While the lighthouse and museum are certainly a big draw to this state park, many enthusiasts also come for the dunes. Indeed, Umpqua Lighthouse Park is smack in the middle of towering sand dunes that reach heights of 500 feet or more!

The dunes are protected by the Oregon Dunes National Recreation Area, which does allow access for off-road enthusiasts and hikers. If you enjoy motorsports like we do, whether it’s with a sand rail, motorcycle, 4×4, or quad, you’ll want to put the park on your summer destination list.

Of course, there are also many water sports to enjoy here too. Whether you like sailing, canoeing, water-skiing, swimming, scuba diving (you may find treasures from sunken ships!) or fishing, there’s a spot for you.

And me? Even though we didn’t have a quad along, I got to enjoy the dunes on foot. There are lots of trails through both the dunes and the Douglas fir and Sitka spruce trees in the recreation area. My preference, though, will always be digging my toes into the sand of the dunes.

Visit Umpqua Lighthouse State Park & Oregon Dunes National Recreation Area

On the Web:
Umpqua State Park visitor information

Oregon Dunes National Recreation Area

National Lighthouse Day

Umpqua Lighthouse was our favorite lighthouse for National Lighthouse Day this year. What was yours? Let us know in the comments below.

More Things to See in Oregon

Take an Adventure Road Trip Through Eastern Oregon

Eastern Oregon has an adventure for every adrenaline junkie. Hike mountains to waterfalls, try kite surfing, or downhill ski year-round!

Road Trip on the Oregon Coast: Things to See & Do

There’s nothing like coastal holidays! Check out these amazing things to see and do an Oregon road trip from a 37 foot Paul Bunyan statue to hiking dunes.

Top Fall Festival for Food Lovers—Feast Portland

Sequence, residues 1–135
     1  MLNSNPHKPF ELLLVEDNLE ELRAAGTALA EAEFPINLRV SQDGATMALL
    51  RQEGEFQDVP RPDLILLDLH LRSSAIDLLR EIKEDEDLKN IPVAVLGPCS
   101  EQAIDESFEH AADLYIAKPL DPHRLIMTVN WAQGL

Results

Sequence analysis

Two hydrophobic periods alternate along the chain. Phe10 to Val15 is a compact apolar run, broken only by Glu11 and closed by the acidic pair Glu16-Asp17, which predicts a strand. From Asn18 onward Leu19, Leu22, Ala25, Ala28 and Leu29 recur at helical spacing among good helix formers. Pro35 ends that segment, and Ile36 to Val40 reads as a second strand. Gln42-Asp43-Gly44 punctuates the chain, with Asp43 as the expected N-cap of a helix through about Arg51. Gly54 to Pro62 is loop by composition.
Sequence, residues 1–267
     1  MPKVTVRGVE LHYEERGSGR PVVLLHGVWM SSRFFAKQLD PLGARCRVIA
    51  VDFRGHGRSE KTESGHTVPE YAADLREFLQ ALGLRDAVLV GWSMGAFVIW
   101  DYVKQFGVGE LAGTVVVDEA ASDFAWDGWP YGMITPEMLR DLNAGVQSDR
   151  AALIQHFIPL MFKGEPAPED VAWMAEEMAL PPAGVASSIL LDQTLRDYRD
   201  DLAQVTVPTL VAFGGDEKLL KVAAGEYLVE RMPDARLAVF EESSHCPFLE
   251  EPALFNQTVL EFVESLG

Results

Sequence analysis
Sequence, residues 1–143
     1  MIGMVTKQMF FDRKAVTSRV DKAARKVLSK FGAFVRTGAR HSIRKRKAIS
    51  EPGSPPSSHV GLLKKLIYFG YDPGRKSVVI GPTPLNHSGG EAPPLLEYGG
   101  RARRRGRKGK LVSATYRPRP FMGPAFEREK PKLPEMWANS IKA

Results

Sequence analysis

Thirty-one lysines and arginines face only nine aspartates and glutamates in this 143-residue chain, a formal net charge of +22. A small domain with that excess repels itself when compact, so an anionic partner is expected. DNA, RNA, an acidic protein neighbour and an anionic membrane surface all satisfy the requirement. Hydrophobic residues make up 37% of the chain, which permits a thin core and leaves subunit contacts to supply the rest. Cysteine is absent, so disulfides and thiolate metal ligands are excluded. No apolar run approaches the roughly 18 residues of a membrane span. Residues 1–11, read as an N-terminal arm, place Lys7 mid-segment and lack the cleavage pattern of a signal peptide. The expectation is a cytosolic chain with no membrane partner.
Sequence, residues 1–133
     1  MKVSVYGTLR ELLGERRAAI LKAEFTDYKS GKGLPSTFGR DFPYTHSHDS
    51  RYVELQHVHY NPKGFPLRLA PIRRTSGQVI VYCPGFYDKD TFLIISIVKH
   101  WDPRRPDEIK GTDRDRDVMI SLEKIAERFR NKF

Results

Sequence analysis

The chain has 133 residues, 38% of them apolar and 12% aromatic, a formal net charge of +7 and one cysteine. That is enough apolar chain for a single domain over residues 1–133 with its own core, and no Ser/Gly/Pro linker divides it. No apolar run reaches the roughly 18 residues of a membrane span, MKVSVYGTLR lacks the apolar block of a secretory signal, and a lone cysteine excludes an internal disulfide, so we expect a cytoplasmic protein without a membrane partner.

Feast Portland offers a gastronomic pilgrimage of epic proportion. Festival held every September in Portland, Oregon, featuring local & International chefs.

Take This Oregon Road Trip: 365 Mile Loop From Klamath Falls

Take this 365 mile loop from Klamath Falls on your Oregon road trip. See Crater Lake, Umpqua National Forest and waterfalls, vineyards, and more!

Hike the Pacific Crest Trail for Spectacular Views

Check out this infographic of The Pacific Crest Trail. Running for 2,650 miles (4,265 kilometers) down the U.S. West Coast, it provides hikers and equestrians with some of North America’s most spectacular scenery and hiking opportunities. Thru hikes take about 5 months to get from the Canadian border to Mexico.

Best Things to See & Do if You Only Have 1 Day in Portland

If you only have one day to spend in Portland, Oregon, here’s a list of the best things to see and do. The walking itinerary starts at the AMTRAK station.

Places You Must See & Hike in Oregon: Painted Hills

Some say the Painted Hills of Oregon are one of the seven wonders of Oregon. For us, they were one of the highlights of our 10 day road trip to see the giant redwoods on California's East coast. So what makes them distinctive? You could say that Oregon's Painted Hills...

Ocean and Sand Dunes to Giant Redwoods — Road Trip

The Pacific Coast Highway, Highway 101, is the one of the most well known road trips in America--and with reason! Day 5: Oregon's Pacific Coast Scenic Byway to California's Redwood Highway No matter what name it goes by, Highway 101 is an ever-changing drive down the...

Painted Hills to Lava Rock to the Oregon Coast Highway — Road Trip

Some days on a road trip are so spectacular they stand out forever. This was one of those days. Day 4: Condon, Oregon, to Florence, Oregon The John Day Highway from Condon, to our turn onto the Oregon 207 Highway into Mitchell, was as scenic as Day 3 on the trip. Lots...

Taking the Scenic Route with the Coast Starlight Train Down the California Coast

There’s something about the comforting sway of a bunkbed, whether it’s on a train on land, or a boat at sea, that makes it easy to sleep. At least for me, anyway! But get up I did, for  the third day of my Amtrak trip--riding the Coast Starlight Train down the...

About the Photo

The header photo above is of the Umpqua Lighthouse, on Winchester Bay, on the Oregon coast. Find the best deal, compare prices, and read what other travelers have to say at TripAdvisor about staying in this area.

Pin Me

Oregon Dunes National Recreation Area

Oregon Dunes National Recreation Area

Share this travel adventure!